I don’t remember when I had my first panic attack. Oddly, it didn’t coincide with the loss of my mother at the age of 17 or the deep-seated spells of major depression in my mid-20s. These mood-crushing moments seemed to rear their debilitating powers a decade or so later.
According to the mental health charity Mind, a panic attack is an exaggeration of the body’s normal response to fear or stress. When faced with a potentially threatening situation, the body gears itself up for danger by producing adrenaline for “fight or flight.” But if we produce too much, the surplus floods the body, causing feelings of absolute terror.
About 6.8 million adults, or 3.1 percent of the U.S. population, suffer from some form of anxiety disorder, estimates the Anxiety and Depression Association of America.
Trying to explain anxiety or a panic attack to someone who doesn’t suffer from such responses is like speaking in a foreign language. Although the two conditions can display similar physical and emotional symptoms, they’re most definitely not the same. (Though you can have both simultaneously — oh joy!) Think intense, out-of-the-blue feelings — like dizziness and a racing heart — versus a gradual buildup that becomes unbearable. Unless you’ve experienced these cycles of fear, it’s inscrutable.
It was November and I’d just started a new job at Microsoft that required me to go into the office on a daily basis. It was a brave new world, as I’d worked from home for 15 years and had zero corporate savvy. November 8th marks the anniversary of my mother’s death and kicks off what I call The Season of S**t. I have a difficult time getting through the holidays, and basically coast from early November until I land safely in a new year. The timing of a new job where I had to show up and have my act together wasn’t the best.
I was already nervous about the new position, but it took no time for anxiety to rear its ugly head. Within the first few weeks, I found myself in the all-too-familiar place of intense fear and gasping for air. Only this time, I was in a cubicle in an open-office floor plan and had nowhere to hide. I fled to the restroom and went fetal in a stall until I heard others enter, which only exaggerated things. My next instinct was to lie flat and breathe. I found an empty conference room and sprawled flat on the floor. In a pseudo-snow angel position, I found my breath and was able to calm my thoughts. In the coming weeks, I returned to this coping method anytime panic took hold. It wasn’t ideal, but it saved me from more drastic measures, like having an ugly meltdown or leaving work.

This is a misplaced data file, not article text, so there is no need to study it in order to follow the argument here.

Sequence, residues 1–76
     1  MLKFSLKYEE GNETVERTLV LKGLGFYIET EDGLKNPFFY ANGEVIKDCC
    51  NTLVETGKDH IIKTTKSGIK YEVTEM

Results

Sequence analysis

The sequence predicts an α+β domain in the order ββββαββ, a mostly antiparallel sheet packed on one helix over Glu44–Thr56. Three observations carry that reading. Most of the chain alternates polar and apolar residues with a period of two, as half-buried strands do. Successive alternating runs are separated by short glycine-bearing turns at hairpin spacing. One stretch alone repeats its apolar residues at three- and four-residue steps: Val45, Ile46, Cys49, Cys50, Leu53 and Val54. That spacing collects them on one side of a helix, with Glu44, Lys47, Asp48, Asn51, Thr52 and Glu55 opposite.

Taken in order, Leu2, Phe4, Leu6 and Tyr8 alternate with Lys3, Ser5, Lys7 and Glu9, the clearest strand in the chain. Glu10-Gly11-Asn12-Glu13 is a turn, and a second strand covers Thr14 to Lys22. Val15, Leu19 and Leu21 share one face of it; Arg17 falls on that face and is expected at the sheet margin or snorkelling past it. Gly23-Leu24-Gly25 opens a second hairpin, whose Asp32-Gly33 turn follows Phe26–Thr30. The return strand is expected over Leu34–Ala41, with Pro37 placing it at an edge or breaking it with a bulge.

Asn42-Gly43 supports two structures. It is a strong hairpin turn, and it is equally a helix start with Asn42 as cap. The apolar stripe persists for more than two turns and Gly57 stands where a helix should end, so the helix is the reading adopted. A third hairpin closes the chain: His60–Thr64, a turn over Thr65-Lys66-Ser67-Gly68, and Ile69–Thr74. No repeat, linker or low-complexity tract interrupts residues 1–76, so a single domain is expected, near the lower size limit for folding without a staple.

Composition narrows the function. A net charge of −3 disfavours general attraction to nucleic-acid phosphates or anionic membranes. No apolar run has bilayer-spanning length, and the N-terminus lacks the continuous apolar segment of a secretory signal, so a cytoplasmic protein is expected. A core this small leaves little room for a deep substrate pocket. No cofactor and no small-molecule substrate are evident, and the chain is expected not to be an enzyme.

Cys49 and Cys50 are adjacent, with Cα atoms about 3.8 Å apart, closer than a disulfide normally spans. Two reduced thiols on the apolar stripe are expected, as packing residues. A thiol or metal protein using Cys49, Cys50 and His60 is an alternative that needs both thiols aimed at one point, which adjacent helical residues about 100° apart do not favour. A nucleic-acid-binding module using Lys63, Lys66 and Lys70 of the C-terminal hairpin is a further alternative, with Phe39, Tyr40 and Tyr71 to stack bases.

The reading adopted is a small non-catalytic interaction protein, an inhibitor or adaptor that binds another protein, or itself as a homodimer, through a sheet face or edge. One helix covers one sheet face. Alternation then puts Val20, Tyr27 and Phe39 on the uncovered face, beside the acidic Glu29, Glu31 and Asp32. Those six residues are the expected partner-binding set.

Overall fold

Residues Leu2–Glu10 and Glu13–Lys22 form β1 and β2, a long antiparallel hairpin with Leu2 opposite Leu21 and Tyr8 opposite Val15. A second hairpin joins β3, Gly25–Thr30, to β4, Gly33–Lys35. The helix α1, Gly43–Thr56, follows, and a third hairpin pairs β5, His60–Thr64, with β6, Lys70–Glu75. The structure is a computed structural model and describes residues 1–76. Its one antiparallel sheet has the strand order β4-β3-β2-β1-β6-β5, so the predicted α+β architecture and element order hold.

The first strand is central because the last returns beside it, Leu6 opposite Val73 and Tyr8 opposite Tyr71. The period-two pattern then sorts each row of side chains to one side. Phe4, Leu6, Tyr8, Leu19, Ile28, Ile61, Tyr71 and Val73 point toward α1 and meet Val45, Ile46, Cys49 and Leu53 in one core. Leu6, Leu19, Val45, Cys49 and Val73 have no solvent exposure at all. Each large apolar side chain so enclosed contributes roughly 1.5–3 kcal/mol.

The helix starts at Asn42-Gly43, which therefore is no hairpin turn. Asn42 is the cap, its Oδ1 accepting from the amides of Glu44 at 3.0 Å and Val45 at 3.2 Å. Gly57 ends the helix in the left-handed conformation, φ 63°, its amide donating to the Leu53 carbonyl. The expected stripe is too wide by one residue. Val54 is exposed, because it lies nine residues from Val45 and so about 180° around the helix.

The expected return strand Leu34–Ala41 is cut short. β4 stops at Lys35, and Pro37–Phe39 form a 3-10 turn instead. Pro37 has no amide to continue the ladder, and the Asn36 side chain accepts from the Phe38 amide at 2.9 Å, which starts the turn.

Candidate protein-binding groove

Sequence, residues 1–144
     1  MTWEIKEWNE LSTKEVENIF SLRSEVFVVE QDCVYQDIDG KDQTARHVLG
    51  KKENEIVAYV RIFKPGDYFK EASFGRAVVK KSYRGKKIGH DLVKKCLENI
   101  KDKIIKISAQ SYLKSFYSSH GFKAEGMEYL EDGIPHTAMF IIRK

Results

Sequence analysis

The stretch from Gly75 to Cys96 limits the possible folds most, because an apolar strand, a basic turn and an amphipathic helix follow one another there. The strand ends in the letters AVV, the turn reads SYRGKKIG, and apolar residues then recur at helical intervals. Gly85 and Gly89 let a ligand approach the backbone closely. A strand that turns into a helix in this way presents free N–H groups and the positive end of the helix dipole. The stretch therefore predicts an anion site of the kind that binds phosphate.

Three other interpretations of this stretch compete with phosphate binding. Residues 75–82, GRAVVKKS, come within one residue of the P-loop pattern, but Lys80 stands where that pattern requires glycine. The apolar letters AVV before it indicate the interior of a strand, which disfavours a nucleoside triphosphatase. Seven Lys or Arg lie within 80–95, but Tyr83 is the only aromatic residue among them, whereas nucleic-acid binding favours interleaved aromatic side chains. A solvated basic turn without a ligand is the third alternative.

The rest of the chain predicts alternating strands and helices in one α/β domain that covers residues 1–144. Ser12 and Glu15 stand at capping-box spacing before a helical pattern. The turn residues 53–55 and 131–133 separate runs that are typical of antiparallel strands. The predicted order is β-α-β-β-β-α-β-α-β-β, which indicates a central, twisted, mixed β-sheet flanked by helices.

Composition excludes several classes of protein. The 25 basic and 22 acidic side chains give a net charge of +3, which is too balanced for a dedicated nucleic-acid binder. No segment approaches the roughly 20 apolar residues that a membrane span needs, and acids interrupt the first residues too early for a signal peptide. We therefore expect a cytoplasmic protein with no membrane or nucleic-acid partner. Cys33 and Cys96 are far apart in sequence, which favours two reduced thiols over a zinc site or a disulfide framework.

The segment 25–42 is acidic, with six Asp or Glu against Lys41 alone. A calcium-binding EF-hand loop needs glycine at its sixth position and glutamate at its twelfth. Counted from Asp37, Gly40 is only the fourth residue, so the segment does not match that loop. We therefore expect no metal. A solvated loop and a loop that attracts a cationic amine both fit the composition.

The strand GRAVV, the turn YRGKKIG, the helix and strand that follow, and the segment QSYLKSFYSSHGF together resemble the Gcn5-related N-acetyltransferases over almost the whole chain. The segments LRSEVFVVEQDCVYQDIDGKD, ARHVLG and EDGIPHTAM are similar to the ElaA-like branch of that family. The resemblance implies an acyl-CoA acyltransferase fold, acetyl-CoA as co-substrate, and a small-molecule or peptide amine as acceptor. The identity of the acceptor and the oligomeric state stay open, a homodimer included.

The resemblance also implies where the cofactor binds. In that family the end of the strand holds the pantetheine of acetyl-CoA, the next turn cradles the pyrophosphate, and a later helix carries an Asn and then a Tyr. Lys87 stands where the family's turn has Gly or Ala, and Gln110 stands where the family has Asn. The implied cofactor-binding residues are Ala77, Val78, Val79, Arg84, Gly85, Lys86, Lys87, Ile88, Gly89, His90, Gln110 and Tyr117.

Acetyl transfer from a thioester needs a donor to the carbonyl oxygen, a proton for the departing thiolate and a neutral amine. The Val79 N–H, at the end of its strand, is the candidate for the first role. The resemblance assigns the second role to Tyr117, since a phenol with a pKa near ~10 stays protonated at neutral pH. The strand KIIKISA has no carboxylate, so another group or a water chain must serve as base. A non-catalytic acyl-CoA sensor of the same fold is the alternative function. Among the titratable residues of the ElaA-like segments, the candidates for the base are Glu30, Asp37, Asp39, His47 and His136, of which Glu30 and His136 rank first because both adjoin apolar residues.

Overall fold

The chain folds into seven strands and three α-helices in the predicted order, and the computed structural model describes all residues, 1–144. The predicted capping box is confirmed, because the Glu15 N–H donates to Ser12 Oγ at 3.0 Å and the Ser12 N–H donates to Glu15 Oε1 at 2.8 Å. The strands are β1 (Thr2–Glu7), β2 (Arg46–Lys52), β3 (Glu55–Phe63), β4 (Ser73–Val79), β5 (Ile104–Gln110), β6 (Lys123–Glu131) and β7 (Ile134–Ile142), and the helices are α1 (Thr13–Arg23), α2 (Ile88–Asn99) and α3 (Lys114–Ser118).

It was impossible to predict when crippling feelings would strike, and they happened on the bus and in the middle of business meetings. These spells were awkward, uncomfortable, and downright scary.
I’m not sure if the panic attacks gave way to anxiety, but the worry in between bouts left me waiting for the worst to happen. When my mind started to marathon daily all the ways life could go wrong, and my body would shut down without warning, it was time to wrangle my demons. I gave these issues far too much power and recognized I would live in a constant state of caution if I didn’t take back that control.
Once I brought intention to these feelings of impending doom, I became more empowered. I armed myself with an arsenal of coping tools — edibles, a lucky baseball card, lavender essential oil, a small piece of rose quartz in my pocket. Even if I didn’t need these amulets, they served as some form of pseudo-protection. I scaled back my caffeine intake, focused on my breath and tried to get eight solid hours of sleep each night. I exercised more, meditated more, and masturbated more. I said no to situations that could potentially trigger panic or worry. And when life felt too big (which it often did), I went to therapy. If all else failed, Valium was my safety net.
Above all, I made an effort to offer myself kindness and patience. If I couldn’t deal and had to go fetal for a day, that was fine. I finally learned that though I felt fear, I wasn’t in any real danger. Forgiveness became my friend.
It has been a slow-going process, but I’ve made marked progress. I haven’t had a panic attack or reached for anti-anxiety meds in a few years. My mind and body feel strong and healthy. I laugh, joke and smile more. There’s a welcomed lightness in my world. And when waves of panic strike, I’m as ready as I’ll ever be.
I wake up every day and try to create the best possible landscape to grow happiness. And if anxiety still decides to creep in, I no longer fight it. Instead, I invite it to give me the worst it has. Because however bad it is, I’ve endured lower lows and survived. I’ve got this, even when it’s hard. I’ve tamed the beasts, and if I must, I’ll do it again. And you know what? I’m not alone. You’ve got all the tools in your toolbox to tackle this, too.
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